How Dressing for Success Can Take on a Whole New Meaning for the Environment Young business leaders are becoming more aware of the origin of their clothing, how it's manufactured and the effects their purchases could have on the environment.
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Although it's been a classic rule of thumb for decades, the rhyming adage "dress for success" can be interpreted in more ways than one. Some see it as a means to an end — to get the results they want, to close an important deal — they need to dress like a winner! Proper business attire is a sure sign of respect for yourself and others. When in the middle of an important negotiation, looking and feeling good is just as crucial as other factors that will affect the outcome. These days, there is something that is perhaps even more important to consider: Social responsibility and the environmental impact of your wardrobe.
The capacity to generate environmental consciousness by wearing sustainable fashion is trending. Many of the world's premier designers have made the vital decision to forgo collections that use real animal fur, and instead have made the switch to vegan "fur" and "leather." Additionally, the usage of recycled fabrics has increased incrementally, as consumer awareness continues to rise, specifically regarding issues of sustainability with the clothes that they wear and the foods they choose to eat.
On a social and cultural level, creating a better and healthier work environment for factory workers in third world countries is also impacting the consumer's decision about whether or not to purchase certain items of clothing, even if that decision is being made halfway around the world. In our digital age, the fashion-conscious consumer who also happens to be concerned about social issues, climate change and the environment, can much more easily access the origin of the designer pieces that are sold — for example, in their favorite NYC department store.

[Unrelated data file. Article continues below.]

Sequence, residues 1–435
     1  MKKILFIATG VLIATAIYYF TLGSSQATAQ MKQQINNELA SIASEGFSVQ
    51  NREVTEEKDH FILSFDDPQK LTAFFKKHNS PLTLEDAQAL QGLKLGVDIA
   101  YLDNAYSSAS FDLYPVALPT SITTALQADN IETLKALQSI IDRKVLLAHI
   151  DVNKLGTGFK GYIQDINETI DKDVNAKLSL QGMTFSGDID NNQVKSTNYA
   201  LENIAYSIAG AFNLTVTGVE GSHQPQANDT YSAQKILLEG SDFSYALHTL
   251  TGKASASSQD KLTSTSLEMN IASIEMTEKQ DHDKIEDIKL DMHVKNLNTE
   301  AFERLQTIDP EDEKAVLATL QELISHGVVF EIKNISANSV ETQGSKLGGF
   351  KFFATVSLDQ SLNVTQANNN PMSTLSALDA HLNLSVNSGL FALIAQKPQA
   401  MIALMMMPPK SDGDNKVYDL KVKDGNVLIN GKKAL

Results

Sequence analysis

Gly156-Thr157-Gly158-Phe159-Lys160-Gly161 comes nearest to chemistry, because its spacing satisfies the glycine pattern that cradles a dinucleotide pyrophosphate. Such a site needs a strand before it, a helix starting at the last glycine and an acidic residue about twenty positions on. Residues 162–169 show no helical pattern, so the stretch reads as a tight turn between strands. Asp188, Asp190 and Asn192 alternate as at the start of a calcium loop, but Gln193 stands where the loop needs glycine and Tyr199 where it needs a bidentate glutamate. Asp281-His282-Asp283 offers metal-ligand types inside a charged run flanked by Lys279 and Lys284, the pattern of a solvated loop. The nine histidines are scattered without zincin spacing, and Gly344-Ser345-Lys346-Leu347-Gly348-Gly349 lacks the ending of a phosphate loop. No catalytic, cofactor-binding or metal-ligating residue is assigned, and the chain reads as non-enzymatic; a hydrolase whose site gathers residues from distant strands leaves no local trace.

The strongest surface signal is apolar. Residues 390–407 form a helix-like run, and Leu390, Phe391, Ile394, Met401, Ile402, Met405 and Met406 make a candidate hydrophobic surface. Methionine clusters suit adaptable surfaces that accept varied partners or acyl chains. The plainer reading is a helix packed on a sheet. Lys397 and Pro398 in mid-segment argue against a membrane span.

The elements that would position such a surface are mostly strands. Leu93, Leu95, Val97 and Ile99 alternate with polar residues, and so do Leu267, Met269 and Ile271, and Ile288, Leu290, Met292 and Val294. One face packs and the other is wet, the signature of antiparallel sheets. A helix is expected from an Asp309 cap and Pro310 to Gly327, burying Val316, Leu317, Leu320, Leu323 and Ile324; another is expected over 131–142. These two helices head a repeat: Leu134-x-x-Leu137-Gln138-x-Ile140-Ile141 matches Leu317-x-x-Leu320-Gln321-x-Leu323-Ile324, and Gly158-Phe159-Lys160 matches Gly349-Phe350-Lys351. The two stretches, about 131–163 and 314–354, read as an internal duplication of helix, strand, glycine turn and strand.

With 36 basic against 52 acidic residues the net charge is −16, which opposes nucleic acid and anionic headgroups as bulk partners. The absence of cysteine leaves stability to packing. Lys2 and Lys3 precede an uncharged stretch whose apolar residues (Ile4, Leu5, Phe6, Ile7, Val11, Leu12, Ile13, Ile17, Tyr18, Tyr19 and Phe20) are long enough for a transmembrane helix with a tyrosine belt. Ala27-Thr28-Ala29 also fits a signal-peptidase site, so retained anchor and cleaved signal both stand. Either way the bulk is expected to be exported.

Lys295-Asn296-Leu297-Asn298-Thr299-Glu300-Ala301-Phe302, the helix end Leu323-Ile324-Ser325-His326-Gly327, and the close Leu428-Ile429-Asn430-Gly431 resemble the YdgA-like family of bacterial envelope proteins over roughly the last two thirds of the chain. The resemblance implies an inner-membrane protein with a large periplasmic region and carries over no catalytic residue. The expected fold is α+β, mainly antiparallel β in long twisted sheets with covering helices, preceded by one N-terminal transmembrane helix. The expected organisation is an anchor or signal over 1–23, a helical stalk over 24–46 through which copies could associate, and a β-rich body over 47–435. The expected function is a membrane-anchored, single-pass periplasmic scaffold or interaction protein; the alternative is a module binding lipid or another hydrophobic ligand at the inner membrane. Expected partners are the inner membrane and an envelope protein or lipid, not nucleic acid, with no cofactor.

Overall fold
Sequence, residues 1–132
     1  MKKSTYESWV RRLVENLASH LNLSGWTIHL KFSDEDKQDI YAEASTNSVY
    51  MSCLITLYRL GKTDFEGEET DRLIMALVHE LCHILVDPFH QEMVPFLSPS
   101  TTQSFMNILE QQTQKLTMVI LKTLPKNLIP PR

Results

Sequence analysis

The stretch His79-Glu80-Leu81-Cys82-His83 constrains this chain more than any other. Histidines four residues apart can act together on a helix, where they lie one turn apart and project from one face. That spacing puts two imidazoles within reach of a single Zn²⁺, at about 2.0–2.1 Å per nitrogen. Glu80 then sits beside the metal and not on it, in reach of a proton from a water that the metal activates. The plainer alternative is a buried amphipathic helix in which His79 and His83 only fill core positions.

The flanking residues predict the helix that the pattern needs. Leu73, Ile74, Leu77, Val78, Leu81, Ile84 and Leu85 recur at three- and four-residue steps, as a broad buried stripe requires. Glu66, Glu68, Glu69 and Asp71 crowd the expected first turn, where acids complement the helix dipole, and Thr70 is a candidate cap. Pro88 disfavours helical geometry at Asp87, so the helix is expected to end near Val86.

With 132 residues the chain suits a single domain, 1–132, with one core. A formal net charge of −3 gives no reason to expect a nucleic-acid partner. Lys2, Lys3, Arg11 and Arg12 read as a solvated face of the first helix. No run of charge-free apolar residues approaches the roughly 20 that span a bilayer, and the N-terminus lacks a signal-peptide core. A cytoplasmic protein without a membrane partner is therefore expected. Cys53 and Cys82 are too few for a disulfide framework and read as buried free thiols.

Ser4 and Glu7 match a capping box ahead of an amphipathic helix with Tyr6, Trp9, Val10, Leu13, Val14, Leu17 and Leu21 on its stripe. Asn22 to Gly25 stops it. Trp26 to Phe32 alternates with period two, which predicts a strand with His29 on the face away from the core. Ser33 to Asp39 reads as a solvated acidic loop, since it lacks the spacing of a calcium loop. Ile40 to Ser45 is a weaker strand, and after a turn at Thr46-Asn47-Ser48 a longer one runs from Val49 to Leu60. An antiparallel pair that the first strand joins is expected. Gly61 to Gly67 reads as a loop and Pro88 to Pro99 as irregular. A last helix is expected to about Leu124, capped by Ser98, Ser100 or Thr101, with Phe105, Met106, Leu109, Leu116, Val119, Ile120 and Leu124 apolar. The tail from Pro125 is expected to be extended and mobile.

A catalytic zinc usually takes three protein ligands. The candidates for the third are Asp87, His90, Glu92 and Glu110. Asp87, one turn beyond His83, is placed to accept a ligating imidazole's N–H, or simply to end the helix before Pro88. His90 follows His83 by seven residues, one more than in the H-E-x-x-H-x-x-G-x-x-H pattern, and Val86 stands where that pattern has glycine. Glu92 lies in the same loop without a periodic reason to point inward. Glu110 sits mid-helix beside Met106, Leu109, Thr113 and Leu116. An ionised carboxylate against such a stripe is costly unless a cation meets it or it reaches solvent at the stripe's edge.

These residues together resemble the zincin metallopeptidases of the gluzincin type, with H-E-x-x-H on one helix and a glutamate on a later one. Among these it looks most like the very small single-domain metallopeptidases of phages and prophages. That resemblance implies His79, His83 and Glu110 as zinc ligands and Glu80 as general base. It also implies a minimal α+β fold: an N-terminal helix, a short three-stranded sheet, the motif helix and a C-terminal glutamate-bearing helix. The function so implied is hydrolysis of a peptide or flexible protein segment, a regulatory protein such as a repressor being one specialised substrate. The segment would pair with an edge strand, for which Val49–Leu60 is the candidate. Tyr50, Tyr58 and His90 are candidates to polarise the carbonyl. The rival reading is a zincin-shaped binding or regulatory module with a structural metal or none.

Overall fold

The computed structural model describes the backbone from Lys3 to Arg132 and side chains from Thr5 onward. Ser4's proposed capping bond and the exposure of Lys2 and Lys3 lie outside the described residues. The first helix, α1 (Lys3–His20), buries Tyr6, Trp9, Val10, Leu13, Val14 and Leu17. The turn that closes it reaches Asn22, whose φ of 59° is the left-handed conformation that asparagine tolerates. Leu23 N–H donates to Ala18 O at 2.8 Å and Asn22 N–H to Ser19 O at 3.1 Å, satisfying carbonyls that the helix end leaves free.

Related: Sustainable Fashion Is The New Trend
The German statement "Kleider machen leute" can be translated to "Fashion makes the person," and it corresponds with the sage advice to "Dress for the job you want, not the job you have." This may be rooted more deeply than we think. A number of studies have demonstrated that what you decide to wear on any given day can impact both your physical and mental performance.
A growing body of research suggests that there is, in fact, a biological reaction that occurs when one puts on a stylish dress or a bespoke tailored suit. A conclusive common response is that the well-dressed subject "feels like a new person." Scientific studies have postulated that wearing formal business attire actually demonstrated an increase in abstract thinking — an important aspect of creativity and long-term strategizing. Other experiments suggested the effects are related to feelings of power and confidence that ensue from putting on "suitable" formal attire.
On the other hand, wearing informal clothing during a business meeting may hurt your credibility during times of negotiation. Some studies show that male subjects wore their usual comfortable, casual clothing were unable to get the results that their counterparts in suits were able to obtain.
However, like many other common business practices, the need to "dress for success" should not supersede our desire to preserve the environment. Educating ourselves about the dangers of fast fashion and its negative impacts on the environment,can help us to understand that just because something looks good doesn't mean it is good. We can recognize that dressing for success should require more than our personal declarations.
The negative impacts of fast fashion
As the concept of "fast fashion" has become familiar to many, it's now found to be ubiquitous in conversations regarding environmental consciousness, with a continued focus on the relationship between fashion and sustainability. Defined as cheaply-made, mass-produced garments copied from runway couture, fast fashion quickly finds its way onto the racks to be sold at a low price point. Swift production, distribution and marketing means that retailers are able to maximize on current trends, enabling consumers to acquire product differentiation at lower prices.